Atambaev’s presidential campaign had begun two months earlier on a more promising note. With the snow-capped Ala-Too Mountains as a backdrop, a thousand supporters from across the country gathered in a pasture in the village of Arashan, near Atambaev’s family home. It was the Kyrgyz version of a nominating convention, with delegates streaming onto a verdant field holding the red banners of Tekebaev’s Ata-Meken Party, the blue flags of Atambaev’s own Social Democratic Party, and a white banner symbolizing the unity of opposition forces. Stretching out in two wings from a central stage was a collection of yurts, each offering refreshments and refuge to a portion of the crowd: VIPs, the press, and delegates from each of the country’s seven regions. Beyond the yurts were boys and young men on horseback, preparing for the equestrian games that are obligatory at Kyrgyz celebrations.
On this unusually warm spring day, performers in national costumes took the stage to entertain the crowd. Nominating speeches followed from each regional delegation, with a seemingly endless stream of speakers claiming the microphone for their chance to praise the candidate and attack the evils of the Bakiev regime. Three hours later, when Almaz Atambaev rose to give his acceptance speech, the delegates greeted their candidate warmly but without particular enthusiasm. It was clear from the reactions of the crowd that what unified them was not the personality or ideas of Atambaev but their hatred of Bakiev.
Although this kurultai — a word for popular assembly handed down from the Mongols –brought together participants from diverse regions and parties, it highlighted the increasing ethnic and linguistic segregation in Kyrgyz politics. Only a single Russian spoke from the stage, and the only European faces in the crowd were from the media. Also absent were Central Asian minorities living in the country, such as Uzbeks. Although all ethnic groups are welcome at these events, the lack of minorities in party leadership roles and the use of Kyrgyz and not Russian as the language of the proceedings make such assemblies mono-ethnic affairs. Subject to russification for decades under Soviet rule, most Kyrgyz understandably revel in the opportunity to participate in a political gathering that openly celebrates their language and culture.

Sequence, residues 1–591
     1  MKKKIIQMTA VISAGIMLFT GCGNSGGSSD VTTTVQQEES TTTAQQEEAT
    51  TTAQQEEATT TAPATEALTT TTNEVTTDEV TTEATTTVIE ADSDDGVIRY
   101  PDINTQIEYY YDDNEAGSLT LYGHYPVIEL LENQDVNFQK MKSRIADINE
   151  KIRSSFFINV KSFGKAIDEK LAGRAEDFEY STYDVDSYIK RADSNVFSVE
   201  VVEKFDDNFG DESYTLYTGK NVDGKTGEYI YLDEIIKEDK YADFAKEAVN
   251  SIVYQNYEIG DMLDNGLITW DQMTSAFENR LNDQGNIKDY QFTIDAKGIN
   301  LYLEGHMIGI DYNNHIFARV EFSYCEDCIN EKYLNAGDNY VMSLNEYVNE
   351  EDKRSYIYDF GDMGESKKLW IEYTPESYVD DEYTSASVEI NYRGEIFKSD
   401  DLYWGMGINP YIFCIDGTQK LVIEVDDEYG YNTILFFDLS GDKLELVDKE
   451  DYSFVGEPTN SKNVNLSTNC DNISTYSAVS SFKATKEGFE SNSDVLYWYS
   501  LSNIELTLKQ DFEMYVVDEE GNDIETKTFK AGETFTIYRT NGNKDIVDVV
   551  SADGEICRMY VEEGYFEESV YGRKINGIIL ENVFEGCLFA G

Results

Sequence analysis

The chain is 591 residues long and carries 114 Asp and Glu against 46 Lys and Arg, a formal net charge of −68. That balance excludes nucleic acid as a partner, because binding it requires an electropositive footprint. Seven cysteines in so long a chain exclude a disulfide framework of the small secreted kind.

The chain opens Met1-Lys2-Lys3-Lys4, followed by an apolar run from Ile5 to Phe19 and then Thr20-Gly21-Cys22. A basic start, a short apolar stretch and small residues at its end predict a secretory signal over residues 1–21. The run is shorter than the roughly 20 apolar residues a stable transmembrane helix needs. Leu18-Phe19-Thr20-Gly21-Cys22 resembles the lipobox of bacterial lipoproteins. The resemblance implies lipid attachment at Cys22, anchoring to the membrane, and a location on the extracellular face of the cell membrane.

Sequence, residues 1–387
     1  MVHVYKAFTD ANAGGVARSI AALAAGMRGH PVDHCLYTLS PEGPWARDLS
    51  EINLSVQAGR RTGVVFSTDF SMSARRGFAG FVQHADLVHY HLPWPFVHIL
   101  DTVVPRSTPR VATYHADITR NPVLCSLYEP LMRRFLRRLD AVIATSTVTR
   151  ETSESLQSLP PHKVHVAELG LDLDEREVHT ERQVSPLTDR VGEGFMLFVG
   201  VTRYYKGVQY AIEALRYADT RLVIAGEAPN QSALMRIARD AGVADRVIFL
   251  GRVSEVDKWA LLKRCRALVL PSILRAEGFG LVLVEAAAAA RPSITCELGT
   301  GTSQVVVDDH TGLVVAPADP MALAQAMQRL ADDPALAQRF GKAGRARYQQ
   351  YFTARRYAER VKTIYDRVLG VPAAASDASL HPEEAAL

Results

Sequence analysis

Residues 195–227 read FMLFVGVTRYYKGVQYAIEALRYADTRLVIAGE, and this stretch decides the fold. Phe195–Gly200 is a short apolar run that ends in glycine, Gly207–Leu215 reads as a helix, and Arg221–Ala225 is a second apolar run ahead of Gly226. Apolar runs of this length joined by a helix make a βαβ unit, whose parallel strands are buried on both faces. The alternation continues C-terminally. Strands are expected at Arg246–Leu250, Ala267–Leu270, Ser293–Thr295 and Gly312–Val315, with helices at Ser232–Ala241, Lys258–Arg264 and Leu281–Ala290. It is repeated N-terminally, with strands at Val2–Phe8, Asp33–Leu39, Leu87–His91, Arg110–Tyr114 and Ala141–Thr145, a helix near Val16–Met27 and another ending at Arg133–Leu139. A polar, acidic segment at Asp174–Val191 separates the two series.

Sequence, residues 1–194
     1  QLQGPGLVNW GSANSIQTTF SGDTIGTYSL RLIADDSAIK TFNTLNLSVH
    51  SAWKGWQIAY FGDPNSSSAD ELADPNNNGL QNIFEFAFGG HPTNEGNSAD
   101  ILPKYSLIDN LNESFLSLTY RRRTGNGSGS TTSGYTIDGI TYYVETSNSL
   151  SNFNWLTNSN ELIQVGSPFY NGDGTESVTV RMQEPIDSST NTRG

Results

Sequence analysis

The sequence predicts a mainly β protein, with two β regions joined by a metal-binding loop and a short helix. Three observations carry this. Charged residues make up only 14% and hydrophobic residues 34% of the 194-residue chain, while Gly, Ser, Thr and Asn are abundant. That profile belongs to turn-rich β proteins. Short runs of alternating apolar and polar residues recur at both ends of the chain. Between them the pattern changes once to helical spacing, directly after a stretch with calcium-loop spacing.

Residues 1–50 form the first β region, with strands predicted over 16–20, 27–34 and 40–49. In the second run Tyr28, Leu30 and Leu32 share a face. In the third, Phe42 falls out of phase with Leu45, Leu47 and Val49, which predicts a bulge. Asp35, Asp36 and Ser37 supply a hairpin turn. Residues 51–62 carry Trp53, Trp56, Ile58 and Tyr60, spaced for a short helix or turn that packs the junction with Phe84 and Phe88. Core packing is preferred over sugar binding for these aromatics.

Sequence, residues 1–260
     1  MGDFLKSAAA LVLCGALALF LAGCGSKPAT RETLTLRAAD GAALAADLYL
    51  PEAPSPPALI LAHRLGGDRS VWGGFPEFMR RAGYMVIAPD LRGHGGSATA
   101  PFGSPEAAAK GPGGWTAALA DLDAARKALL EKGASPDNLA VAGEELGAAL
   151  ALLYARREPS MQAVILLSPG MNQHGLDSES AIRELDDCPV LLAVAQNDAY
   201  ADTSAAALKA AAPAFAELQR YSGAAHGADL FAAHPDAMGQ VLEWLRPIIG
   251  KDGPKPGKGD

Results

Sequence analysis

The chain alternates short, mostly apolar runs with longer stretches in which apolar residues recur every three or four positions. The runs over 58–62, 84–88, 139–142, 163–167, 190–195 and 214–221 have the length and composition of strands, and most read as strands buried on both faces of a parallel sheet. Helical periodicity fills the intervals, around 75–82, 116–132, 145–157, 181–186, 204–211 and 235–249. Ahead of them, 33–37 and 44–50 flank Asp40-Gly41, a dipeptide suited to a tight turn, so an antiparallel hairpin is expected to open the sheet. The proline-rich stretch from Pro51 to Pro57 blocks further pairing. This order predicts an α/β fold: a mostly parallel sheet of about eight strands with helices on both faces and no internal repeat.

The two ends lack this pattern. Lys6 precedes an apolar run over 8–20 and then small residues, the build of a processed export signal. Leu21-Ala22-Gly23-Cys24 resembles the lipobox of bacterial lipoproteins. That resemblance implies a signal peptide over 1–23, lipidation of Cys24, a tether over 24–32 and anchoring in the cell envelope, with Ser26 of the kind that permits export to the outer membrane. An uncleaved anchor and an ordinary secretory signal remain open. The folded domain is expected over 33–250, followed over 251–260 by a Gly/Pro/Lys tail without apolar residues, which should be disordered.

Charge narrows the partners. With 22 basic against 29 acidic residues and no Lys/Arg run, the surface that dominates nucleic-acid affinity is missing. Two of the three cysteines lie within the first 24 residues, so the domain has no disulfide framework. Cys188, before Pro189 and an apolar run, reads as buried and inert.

Following the kurultai, I joined a dozen top leaders of the opposition in a small yurt in a neighboring village for lunch. Over a meal of roasted horsemeat and other Kyrgyz delicacies, the politicians took turns proposing toasts to their newly nominated colleague. Assembled here in an atmosphere that had more in common with a family Thanksgiving than a political luncheon was an older generation of politicians who began their careers as Soviet functionaries and then embraced the challenge of leading a newly independent state. Over the years they had been political allies and adversaries, government officials and opposition leaders, and what united them at this moment was their fear of the Bakiev regime and the approaching end of their own political careers.
Missing from the equation were political ideas. In the rough-and-tumble of Kyrgyz politics, like politics in much of the developing world, personalities and not policies hold together most parties and political movements. But without a dominant personality or a consensus surrounding political values, it is difficult to assure the unity of the opposition and the support of the nation during an election. When I asked Almaz Atambaev about his political platform in the presidential campaign, he admitted that he didn’t have one. Instead of focusing on issues that could mobilize the population behind solutions to the country’s ills, he planned to frame the contest as a choice between a civilized democracy and a return to the cruelty of the Kokand Khanate, which controlled much of Central Asia before the tsars.
Unfortunately for the Kyrgyz opposition, in authoritarian regimes incumbents tend to frame the elections. They control not only the media and the lion’s share of campaign resources but also the election commissions that count the votes. Atambaev and other opposition leaders were all too aware of this reality. As they made clear to me at the beginning of the campaign, they had no illusions about winning the election through the ballot box. Like the oppositionists in Iran, their hope was to win the battle on the streets in the aftermath of the voting.